Incredible turnaround sees Göppingen into the EHF Cup Final
After troubles in the first half and trailing by five at half-time, German side Frisch Auf Göppingen turned things around and managed to qualify for the EHF Cup Final with a 28:25 win.
"I don't know if this is the most dramatic game I've ever played," explained the smiling Michael Kraus after the game, "but it's one of the most. Now we're here, we want to win the trophy tomorrow."
Men's EHF Cup Finals, semi-final
Chambéry Savoie HB vs Frisch Auf Göppingen 25:28 (14:9)
Both sides arrived in Nantes with two of the best defences of the EHF Cup and Chambéry literally erected a wall before their goalkeeper in the first half which helped them take the lead in this semi-final.
While Primoz Prost was helpless in the German goal when shot at by Damir Bicanic and Marko Panic, Yann Genty only had to bend and grab the balls as they were swiftly thrown at him.
In the first half, Zarko Sesum, Lars Kaufmann and Adrian Pfahl all took turns but none managed to score. As a consequence, after fifteen minutes, Chambéry were already ahead by three (7:4). A time-out by Magnus Andersson did not help things as Genty began his one-man show.
Seven saves from him in the last fifteen minutes of the first half and a leaky German defence saw the score increase gradually. A 3:0 run helped the French side to go back to the dressing room with a five-goal advantage of 14:9.
But just as Chambéry's defence was unbreakable in the first half, Göppingen decided it was time to match them and came back from the dressing room with completely different intentions.
With Peter Tatai between the posts instead of Primoz Prost and a more aggressive formation, the Germans quickly turned things around. After only ten minutes, the two teams were level at 17:17.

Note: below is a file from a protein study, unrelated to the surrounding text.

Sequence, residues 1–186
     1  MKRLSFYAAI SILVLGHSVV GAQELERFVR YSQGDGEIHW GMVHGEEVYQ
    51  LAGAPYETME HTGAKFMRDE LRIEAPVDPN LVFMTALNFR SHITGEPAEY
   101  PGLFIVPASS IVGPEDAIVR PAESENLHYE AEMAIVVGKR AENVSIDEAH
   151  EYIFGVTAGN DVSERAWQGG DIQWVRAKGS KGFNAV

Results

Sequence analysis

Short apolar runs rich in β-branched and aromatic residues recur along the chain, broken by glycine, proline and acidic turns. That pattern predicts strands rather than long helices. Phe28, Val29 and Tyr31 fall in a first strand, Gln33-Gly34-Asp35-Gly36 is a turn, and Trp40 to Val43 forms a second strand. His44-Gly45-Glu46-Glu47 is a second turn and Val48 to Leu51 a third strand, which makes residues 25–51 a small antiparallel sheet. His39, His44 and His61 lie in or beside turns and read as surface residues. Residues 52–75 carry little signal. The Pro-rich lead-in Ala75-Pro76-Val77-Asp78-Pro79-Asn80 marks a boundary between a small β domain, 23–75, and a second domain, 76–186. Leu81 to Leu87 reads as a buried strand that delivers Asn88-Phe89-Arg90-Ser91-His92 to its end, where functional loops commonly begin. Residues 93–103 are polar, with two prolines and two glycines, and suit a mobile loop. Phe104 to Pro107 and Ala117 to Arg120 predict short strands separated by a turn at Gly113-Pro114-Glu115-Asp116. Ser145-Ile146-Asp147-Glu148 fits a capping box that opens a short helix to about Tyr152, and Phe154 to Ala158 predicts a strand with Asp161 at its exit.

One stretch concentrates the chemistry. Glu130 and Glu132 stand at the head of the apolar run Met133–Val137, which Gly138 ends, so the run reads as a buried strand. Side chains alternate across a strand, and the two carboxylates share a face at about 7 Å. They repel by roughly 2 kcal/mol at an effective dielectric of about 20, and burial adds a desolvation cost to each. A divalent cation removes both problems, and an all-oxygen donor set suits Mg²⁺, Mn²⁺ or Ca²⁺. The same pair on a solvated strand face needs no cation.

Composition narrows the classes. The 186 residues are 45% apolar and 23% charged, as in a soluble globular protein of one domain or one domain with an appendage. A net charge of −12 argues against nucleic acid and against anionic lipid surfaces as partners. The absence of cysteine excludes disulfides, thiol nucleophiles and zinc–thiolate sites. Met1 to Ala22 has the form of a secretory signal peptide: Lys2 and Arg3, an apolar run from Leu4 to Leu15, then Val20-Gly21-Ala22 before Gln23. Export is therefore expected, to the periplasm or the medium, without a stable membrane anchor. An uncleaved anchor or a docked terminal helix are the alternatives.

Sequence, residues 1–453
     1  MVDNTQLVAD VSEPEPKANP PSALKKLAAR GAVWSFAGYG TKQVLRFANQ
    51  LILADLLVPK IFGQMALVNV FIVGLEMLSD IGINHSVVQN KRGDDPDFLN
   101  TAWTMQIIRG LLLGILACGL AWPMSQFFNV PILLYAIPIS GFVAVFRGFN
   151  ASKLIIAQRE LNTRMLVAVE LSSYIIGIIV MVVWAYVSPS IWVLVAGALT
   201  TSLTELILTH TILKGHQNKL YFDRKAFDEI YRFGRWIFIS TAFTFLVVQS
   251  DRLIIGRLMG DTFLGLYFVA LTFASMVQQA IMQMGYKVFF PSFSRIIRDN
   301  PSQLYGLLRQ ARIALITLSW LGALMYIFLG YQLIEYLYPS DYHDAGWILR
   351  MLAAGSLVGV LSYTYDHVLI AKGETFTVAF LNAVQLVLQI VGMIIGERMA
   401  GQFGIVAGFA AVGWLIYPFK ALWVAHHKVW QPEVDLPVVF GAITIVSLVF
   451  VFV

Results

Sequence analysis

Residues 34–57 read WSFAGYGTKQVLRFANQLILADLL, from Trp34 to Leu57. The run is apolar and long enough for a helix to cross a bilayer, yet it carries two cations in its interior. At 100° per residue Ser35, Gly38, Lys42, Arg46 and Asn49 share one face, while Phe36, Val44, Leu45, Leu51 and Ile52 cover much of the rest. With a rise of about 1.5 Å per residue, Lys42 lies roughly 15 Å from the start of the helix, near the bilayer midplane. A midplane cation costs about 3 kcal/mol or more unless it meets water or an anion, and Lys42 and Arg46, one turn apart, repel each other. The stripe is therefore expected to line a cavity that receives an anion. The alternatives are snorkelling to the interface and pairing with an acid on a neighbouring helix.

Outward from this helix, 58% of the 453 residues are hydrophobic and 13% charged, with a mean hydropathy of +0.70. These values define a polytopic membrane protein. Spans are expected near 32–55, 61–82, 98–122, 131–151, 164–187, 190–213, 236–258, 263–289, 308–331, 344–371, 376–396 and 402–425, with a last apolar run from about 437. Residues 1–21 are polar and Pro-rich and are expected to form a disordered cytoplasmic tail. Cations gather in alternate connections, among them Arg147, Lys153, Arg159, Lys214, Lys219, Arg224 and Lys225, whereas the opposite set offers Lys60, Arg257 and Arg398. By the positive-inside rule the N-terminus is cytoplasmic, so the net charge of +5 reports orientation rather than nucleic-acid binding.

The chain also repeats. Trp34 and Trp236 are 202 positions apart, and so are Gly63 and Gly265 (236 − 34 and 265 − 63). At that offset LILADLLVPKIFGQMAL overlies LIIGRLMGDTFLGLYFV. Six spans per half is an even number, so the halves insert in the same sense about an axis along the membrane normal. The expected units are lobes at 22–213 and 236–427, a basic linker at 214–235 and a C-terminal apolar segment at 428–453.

"I think that they came back on the court better but that we gave them the lead too easily," explained goalkeeper Yann Genty afterwards.
"Once we gave them their confidence back and that in the meantime we lost ours, which was it.”
And for the French it was all downhill from there as lost balls gave Marcel Schiller the opportunity to use fast breaks to widen the gap. No matter which players Ivica Obrvan used, the result was the same.
Long periods of defence gave the impression that the momentum was changing side, and if it didn't show on the scoreboard at first, everything became clear in the last ten minutes.
From 22:22 in the 50th minute, the score turned to 28:23 eight minutes later. Only Timothey N'Guessan, on rare occasions, was able to score but that was not enough and Göppingen went on to win 28:25 and book a place in the final against Nantes.
"When we came back on our court, we knew we couldn't be any worse than we'd been in the first half," explains Kevynn Nyokas, who played his first game for more than a year today.
“It's like a fairytale for me, but I want to carry it on by winning tomorrow.”Author: Kevin Domas / cor